And that bring us nicely to the next part:

WHY LEARN SICHUANHUA?

This is a very good question because, frankly, unless you have a passionate interest in learning Chinese, trying to learn sichuanhua would be a colossal waste of time. But, honestly, to study sichuanese—and eventually, of course, to understand it or even to speak it—is to open up a possibility of experiencing an entirely different kind of Chinese, and an entirely different kind of China.

Here are some other reasons why one might want to learn Sichuanhua:

  1. Because you are living in Sichuan.

If that's not the case, here are some other reasons:

  1. Most places outside of the northeast do not speak putonghua.

  2. You ever intend to travel in southern China

  3. Understanding one dialect helps you more quickly adapt to others.

  4. As follows from #4, any serious student of Chinese should be familiar with at least one dialect, and that does not included northern dialects.

  5. Beijinghua and erhua in general contain some of the ugliest sounds capable of being gurgled and spit out of the human larynx and it’s a tragedy many students only study these dialects.

  6. Sichuanhua is a major dialect, spoken by 120 million people, which is more people than speak Korean, Dutch, Norwegian, or any number of other languages.

  7. It is the key to unlocking all the han Chinese portions of southwestern China (also, minorities in these areas often speak mandarin with a thick sichuanhua accent)

  8. You want to swear in Chinese but just don’t feel satisfied by the other dialects.

  9. You want to be as much like a hard-drinking, tea guzzling, mahjong addicted native as possible.

  10. Some Sichuan guy stole your bicycle, and you need to find him ASAP.

REPRESENTATION OF TONES IN THIS GUIDE

Because sichuanhua has a tone that does not exist in Mandarin, I cannot adequately represent the sounds of the language using traditional pinyin tone marks. Therefore, I have chosen to use the asterisk * mark after each syllable that uses the special Sichuan tone.

If you can think of a better way to do this, please do recommend something, as I think the asterisk is ugly as all hell.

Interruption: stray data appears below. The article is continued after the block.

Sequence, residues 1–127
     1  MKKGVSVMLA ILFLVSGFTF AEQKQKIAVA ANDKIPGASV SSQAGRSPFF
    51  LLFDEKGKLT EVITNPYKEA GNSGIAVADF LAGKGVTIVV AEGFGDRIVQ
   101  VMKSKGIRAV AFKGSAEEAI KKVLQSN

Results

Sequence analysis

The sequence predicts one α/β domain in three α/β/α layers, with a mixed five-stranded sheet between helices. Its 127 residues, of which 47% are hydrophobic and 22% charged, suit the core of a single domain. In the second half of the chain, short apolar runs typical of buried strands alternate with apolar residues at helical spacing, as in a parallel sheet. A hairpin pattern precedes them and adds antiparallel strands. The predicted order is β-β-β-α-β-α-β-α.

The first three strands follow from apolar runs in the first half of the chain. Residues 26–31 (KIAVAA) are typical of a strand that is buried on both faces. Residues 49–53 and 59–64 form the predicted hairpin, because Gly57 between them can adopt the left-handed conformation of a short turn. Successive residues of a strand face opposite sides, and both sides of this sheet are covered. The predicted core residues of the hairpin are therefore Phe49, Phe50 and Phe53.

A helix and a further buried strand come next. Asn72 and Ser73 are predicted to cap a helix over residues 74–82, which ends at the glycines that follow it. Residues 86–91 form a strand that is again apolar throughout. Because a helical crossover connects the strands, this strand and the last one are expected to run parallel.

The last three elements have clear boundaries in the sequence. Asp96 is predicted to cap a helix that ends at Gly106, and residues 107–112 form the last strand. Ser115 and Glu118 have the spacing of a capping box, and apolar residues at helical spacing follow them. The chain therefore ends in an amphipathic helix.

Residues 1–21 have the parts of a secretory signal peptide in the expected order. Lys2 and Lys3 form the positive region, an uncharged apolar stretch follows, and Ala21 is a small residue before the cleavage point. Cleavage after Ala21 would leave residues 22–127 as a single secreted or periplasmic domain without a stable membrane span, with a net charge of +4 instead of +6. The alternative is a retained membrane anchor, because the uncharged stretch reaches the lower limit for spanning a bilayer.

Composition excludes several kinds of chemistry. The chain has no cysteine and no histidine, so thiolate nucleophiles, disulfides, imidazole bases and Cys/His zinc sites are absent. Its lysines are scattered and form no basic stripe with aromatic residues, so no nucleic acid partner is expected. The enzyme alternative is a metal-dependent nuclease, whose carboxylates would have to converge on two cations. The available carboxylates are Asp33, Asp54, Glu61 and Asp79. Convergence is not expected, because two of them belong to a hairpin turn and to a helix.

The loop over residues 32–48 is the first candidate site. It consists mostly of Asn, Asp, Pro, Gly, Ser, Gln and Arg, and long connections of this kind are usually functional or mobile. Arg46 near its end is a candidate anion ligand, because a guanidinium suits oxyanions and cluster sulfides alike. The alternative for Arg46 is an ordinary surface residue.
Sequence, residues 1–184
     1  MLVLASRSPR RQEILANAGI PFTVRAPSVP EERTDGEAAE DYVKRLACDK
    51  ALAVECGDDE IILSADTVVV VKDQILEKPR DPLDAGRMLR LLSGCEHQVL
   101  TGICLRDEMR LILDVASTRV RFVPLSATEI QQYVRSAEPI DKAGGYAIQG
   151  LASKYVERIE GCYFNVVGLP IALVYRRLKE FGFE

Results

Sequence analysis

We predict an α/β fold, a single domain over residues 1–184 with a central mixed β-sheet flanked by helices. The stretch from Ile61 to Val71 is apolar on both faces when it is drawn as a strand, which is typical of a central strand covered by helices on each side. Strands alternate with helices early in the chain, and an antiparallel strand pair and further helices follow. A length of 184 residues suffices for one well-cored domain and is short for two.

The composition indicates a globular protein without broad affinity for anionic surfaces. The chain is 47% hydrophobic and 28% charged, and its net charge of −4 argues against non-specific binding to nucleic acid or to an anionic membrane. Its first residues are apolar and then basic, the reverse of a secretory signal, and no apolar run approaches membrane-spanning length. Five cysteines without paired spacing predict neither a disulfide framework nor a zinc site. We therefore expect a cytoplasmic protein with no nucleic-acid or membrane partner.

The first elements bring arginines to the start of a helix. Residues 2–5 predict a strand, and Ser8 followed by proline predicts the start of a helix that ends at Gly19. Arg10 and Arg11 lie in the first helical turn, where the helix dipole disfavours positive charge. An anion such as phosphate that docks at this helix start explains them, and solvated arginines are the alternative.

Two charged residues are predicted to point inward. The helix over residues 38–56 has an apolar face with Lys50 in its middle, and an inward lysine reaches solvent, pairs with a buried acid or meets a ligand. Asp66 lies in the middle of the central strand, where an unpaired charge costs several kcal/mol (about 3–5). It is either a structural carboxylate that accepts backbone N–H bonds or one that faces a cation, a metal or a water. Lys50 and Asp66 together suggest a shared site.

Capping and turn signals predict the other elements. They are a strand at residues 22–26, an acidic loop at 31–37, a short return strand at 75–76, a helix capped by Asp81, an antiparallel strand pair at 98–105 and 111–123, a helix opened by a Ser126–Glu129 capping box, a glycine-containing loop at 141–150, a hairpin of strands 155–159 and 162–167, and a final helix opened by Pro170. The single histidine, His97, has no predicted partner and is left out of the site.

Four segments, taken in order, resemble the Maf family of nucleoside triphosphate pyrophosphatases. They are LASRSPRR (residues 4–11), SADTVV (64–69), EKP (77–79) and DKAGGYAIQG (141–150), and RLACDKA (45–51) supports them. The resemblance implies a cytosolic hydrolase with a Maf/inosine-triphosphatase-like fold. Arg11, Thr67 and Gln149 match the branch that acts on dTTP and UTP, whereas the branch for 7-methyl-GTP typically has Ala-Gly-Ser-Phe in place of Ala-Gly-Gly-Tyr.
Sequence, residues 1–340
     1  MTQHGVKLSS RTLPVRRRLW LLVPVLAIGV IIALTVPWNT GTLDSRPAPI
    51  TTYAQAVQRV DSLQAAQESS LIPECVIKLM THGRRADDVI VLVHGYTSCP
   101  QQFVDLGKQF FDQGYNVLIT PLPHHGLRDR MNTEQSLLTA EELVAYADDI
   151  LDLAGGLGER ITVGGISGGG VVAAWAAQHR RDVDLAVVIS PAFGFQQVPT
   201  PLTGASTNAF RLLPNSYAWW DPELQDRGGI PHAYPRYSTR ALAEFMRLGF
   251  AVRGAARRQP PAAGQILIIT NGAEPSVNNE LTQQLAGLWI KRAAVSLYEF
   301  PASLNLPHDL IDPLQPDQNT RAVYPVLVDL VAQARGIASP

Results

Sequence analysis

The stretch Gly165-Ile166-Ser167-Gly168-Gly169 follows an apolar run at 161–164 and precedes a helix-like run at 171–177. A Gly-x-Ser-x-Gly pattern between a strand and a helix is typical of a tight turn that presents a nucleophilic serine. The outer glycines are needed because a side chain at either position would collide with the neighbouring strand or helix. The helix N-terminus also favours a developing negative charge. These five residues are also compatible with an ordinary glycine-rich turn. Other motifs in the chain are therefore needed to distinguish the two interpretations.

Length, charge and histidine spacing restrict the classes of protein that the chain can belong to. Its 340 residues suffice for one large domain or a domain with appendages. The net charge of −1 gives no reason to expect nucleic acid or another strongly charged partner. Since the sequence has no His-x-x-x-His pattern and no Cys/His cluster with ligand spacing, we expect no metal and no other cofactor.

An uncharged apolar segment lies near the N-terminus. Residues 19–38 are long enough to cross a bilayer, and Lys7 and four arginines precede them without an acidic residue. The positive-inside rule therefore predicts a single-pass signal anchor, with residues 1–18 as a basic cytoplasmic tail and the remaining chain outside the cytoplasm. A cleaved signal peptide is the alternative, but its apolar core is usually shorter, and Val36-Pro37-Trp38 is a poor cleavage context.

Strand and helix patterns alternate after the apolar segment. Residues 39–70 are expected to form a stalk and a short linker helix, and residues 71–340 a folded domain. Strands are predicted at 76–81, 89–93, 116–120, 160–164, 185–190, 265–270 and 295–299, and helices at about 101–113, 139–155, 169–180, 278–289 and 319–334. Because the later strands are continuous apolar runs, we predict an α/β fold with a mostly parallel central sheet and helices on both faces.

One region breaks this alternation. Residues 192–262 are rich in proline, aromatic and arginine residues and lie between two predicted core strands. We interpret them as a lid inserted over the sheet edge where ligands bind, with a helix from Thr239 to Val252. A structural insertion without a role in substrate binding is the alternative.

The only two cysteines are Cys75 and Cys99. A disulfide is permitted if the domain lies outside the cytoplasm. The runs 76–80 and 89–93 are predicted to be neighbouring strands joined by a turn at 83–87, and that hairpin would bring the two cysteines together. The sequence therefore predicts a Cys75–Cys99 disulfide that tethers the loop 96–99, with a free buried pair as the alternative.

RECOMMENDATIONS FOR STUDY

How one chooses to go about studying sichuanhua is completely dependent on your individual needs, goals, and current level in putonghua. I should note, however, that this guide is written for people with at least some knowledge of Mandarin. It does not teach sichunhua from the ground up, but rather uses bits and pieces of Mandarin and to piece together a functional system for reading and writing a kind of sichuanhua pinyin. Therefore, students who, for example, are not familiar with standard mandarin tones, will find no explanations herein.

Also, I recommend that, if you are currently studying standard Mandarin, you first aim for listening comprehension in sichuanhua, as it is difficult to learn two different tonal sets at once (also, most people who speak sichuanhua will understand standard Mandarin).

If you do want to learn spoken sichuanhua, I imagine it eventually comes naturally, after enough time familiarizing yourself with dialect, and after a point at which your Mandarin is already quite good. But, of course, if you would like to go full steam ahead and study sichuanhua from the very beginning, at the expense of your mandarin, go right ahead. More power to you. And the locals will love you.

WARNING

As a warning, the first few installments of this primer will be incredibly boring.

FINAL NOTE

Once again, I am not an expert on sichuanhua but I have done my best to provide as much information on the dialect as I can. Treat this first installment of the primer like you would the beta version of a new program. It will be riddled with all manner of errors and, if you look at it wrong, might just make your computer explode. But, after enough time and feedback, it should hopefully become as accurate as possible.

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Thursday, June 14, 2007

blogging inconsistencies

I thought I'd make a quick note to explain some things to the two or three people who visit this website frequently, excluding my family and that guy who keeps on sending me pictures of his big toes in various famous locales (note--please stop sending me pictures, guy).

The frequency with which I write will always be as it has been--that is, there will be periods where I write lots and post everyday, followed by even longer periods where I write nothing and, uh, do not post everyday. This will probably be the way I continue to blog forever, assuming that I do indeed continue blogging forever, because it reflects my spastic personality, and also my laziness. Moreover, because blogspot is blocked in China, my motivation to write is seriously diminished (which has led me to consider making a real, actual website)

So, to my two or three fans who continue coming to this website everyday because they think I will at last start writing about Prussia, please be patient with my inconsistency. It will change eventually. Or maybe not.

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Sunday, June 03, 2007

news from the wire--by barbara bush--"tofu lake! tofu lake!"

GAP BETWEEN CHINA’S RICH AND POOR FOUND IN ANHUI PROVINCE

BY BARBARA BUSH